A. B. C. D. E. Hilar adenopathy Cryoglobulins Anti-SSA/Ro antibody Anti-thyroglobulin antibody Anti-neutrophil cytoplasmic antibody

Correct Answer C

Answer Rationale The patient has secondary Sjögren syndrome in the setting of what is most likely rheumatoid arthritis, given the symmetrical involvement of the small joints of her hands. Sjögren syndrome may have a variety of cutaneous manifestations, including urticarial eruptions. Sjögren syndrome patients with anti-SSA/Ro antibody are more likely to have such extraglandular manifestations of their disease. Dental caries at the gingival margin, as seen in this patient, are characteristic in patients with oral sicca symptoms, autoimmune or otherwise. Hilar adenopathy is seen in the Löfgren syndrome, a female-predominant presentation of sarcoidosis that is also marked by inflammatory polyarthritis and erythema nodosum. Sarcoidosis may also present with sicca symptoms. The knees and ankles are the most commonly affected joints. However, erythema nodosum is characterized by erythematous, tender – but nonpruritic - subcutaneous nodules over the shins. Cryoglobulins may be seen in rheumatoid vasculitis, but the cutaneous eruption is typically more acral in distribution and is not typically pruritic. Anti-thyroglobulin antibody is associated with autoimmune thyroid disease, but not rheumatoid arthritis or Sjögren syndrome. Anti-neutrophil cytoplasmic antibodies are associated with necrotizing vasculitis, including Wegener granulomatosis and ChurgStrauss syndrome, but not rheumatoid arthritis or Sjögren syndrome. Question Number: 43 Case A 38-year-old man has polyarticular arthritis. Despite his relative youth and absence of any history of joint trauma, he has widespread arthritis affecting his axial skeleton, shoulders, and hips. He reports no visible articular swelling or erythema or palpable heat. He has otherwise been in excellent health and has no family history of early-onset arthritis, either inflammatory or mechanical. Physical examination shows blue-black pigmentation of both sclerae (see Figure 1). Radiographs of his spine (see Figure 2) reveal calcification of the intervertebral discs and disc space narrowing.

Figure

Figure 1

Figure 2

Question Which of the following tests is most likely to confirm the diagnosis?
A. B. C. D. COMP haplotype analysis FRZB 2-marker single-nucleotide polymorphism (SNP) haplotype analysis Targeted type II collagen polymorphism analysis Plasma homogentisic acid assay

Correct Answer D Answer Rationale The patient has alkaptonuria, an inborn error of metabolism resulting in inability to metabolize homogentisic acid. Homogentisic acid is deposited in the soft tissues and cartilage causing ochronosis, darkening of the sclerae, pinnae, and other soft tissues, as well as premature osteoarthritis. The urine will also darken if exposed to air. The COMP haplotype, FRZB 2-marker SNP haplotype, and type II collagen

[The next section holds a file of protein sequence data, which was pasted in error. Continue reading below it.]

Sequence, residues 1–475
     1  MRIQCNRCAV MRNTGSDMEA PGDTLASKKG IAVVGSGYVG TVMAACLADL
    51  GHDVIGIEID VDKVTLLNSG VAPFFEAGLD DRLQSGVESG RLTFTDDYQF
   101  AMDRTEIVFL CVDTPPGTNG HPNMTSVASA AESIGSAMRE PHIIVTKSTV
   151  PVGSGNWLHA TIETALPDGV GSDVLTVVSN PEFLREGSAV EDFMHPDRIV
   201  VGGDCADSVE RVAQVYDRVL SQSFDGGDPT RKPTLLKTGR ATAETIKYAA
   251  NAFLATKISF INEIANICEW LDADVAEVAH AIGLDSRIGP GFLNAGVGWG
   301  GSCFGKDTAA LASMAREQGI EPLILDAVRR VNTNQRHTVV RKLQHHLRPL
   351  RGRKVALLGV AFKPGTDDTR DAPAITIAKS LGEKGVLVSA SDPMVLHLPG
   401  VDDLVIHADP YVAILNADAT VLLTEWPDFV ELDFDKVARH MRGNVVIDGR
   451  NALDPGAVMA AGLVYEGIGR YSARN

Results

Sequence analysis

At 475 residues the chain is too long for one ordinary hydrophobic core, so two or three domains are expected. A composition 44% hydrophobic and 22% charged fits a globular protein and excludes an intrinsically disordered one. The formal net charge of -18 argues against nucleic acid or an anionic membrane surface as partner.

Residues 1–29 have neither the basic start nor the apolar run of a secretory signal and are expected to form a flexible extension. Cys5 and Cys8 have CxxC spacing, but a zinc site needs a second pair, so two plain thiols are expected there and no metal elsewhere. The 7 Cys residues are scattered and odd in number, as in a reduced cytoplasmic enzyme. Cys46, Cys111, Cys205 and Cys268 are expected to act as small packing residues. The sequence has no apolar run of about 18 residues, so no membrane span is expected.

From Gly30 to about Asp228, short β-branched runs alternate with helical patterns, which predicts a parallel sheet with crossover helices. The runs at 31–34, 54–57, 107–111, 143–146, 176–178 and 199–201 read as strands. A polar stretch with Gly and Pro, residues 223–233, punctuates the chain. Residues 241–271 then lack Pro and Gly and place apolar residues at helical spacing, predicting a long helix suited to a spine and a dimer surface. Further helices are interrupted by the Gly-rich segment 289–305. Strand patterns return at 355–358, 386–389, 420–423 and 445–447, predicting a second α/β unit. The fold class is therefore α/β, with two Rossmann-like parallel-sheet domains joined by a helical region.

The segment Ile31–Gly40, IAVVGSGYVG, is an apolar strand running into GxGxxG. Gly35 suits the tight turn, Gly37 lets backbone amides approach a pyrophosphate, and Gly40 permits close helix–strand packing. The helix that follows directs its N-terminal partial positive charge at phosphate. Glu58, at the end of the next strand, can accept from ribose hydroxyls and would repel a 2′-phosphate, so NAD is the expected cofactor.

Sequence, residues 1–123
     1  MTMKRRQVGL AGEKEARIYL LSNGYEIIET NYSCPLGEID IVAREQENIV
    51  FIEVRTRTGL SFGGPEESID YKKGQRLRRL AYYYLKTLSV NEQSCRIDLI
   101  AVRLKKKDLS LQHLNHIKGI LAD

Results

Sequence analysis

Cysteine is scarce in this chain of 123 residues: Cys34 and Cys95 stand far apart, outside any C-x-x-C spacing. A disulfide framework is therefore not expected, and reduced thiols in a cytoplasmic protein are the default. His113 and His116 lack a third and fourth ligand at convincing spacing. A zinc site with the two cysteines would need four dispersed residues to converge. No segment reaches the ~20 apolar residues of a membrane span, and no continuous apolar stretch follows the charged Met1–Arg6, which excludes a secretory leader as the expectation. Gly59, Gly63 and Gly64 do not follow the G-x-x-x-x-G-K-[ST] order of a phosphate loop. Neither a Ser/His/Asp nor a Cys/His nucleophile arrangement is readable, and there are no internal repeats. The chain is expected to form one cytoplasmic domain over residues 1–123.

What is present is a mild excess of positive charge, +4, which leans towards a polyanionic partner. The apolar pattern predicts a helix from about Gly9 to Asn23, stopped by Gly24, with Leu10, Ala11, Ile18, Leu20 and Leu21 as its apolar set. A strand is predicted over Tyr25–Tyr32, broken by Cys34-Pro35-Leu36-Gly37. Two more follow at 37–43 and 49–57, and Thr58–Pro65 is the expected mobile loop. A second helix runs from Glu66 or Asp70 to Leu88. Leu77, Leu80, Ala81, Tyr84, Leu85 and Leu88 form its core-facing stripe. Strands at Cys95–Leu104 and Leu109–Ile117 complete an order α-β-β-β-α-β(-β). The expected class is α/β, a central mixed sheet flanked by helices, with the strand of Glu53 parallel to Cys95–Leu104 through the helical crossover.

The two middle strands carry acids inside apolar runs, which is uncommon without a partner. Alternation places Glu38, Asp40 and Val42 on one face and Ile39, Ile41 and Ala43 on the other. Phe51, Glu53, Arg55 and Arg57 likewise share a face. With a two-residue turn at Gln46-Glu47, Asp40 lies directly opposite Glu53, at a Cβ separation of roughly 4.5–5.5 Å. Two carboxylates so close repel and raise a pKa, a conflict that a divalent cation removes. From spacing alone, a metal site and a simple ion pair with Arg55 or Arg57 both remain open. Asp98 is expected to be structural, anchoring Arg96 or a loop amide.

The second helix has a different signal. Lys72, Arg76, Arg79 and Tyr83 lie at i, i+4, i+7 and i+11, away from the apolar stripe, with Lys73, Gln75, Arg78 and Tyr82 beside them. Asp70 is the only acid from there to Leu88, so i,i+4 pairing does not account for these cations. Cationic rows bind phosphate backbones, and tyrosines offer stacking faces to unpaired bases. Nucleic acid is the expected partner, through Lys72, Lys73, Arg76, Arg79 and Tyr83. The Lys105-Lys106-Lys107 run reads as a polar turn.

polymorphisms have all been associated with premature osteoarthritis, an effect that varies with the gender and ethnicity of the patient and the specific joint studied, but will not cause the pigmentary changes seen in ochronosis. Question Number: 44 Case A 55-year-old woman has noted a sensation of grit in her eyes for the past 2 years. She has been using artificial tears 2 or 3 times a day, particularly while watching TV or working at a computer. Within the past year, she has also noted dryness of her mouth. She keeps a bottle of water at her bedside and must drink water frequently to aid in swallowing dry food. She has not noted any recent increase in dental caries. She does not have a rash, joint pain, or fatigue. She does not have clinical evidence of systemic lupus erythematosus, rheumatoid arthritis, or scleroderma. Laboratory data include: WBC: 5600/mm3 Hgb: 13.2 gm/dl Platelet count: 253,000/ mm3 ANA testing (multiplex assay): negative antinuclear antibodies, negative SSA and SS-B antibodies Question Which of the following additional findings is an absolute requirement for establishing the diagnosis of primary Sjögren’s syndrome in this patient?
A. B. C. D. E. Schirmer’s I test with wetting of 7 mm in the right eye and 4 mm in the left eye. Unstimulated salivary flow of 0.1 ml/min Labial salivary gland focus score of 1 Absent salivary pool Parotid sialography showing extensive sialectasis

Correct Answer C Answer Rationale Although there have been several sets of diagnostic criteria for Sjögren’s syndrome over the past 40 years, the set that is currently accepted was derived by an international consensus group in 2002. According to the 2002 International Consensus Criteria for Sjögren’s Syndrome, the diagnosis of primary Sjögren’s syndrome requires sicca signs/symptoms in the presence of either Sjögren’s antibodies (SS-A and/or SS-B) or a positive labial gland biopsy, defined by the presence of a focus score of 1 or more. With the